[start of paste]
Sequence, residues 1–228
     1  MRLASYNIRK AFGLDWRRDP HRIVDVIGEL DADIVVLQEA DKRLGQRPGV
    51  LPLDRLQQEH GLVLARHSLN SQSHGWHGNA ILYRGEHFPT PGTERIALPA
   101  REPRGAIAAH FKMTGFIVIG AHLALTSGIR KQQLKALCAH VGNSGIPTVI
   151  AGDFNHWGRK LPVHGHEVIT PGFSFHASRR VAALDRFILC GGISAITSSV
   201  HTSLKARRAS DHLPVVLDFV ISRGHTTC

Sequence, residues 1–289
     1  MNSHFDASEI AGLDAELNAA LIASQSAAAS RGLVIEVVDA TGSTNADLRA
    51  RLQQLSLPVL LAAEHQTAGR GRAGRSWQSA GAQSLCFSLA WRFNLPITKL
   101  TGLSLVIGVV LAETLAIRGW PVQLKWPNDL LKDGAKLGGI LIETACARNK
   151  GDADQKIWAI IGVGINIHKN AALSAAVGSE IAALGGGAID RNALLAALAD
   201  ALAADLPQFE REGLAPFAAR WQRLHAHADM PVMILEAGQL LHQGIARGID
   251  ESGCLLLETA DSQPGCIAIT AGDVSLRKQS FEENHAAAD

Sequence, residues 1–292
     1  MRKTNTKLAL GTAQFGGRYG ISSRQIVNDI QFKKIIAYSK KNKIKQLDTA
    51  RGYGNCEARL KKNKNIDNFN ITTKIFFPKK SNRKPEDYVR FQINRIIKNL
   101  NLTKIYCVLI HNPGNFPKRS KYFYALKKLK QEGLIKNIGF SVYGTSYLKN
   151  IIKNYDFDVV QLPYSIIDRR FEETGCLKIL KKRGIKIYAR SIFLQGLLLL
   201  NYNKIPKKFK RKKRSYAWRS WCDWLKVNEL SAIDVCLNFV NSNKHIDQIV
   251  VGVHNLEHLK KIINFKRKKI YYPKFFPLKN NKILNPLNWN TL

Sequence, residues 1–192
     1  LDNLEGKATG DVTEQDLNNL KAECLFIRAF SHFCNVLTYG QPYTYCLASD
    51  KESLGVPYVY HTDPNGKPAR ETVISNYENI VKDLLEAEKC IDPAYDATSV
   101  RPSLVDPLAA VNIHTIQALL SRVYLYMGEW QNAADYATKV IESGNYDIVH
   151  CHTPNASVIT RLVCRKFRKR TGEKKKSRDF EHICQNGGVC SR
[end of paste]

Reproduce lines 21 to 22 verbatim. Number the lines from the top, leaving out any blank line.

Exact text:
Sequence, residues 1–192
     1  LDNLEGKATG DVTEQDLNNL KAECLFIRAF SHFCNVLTYG QPYTYCLASD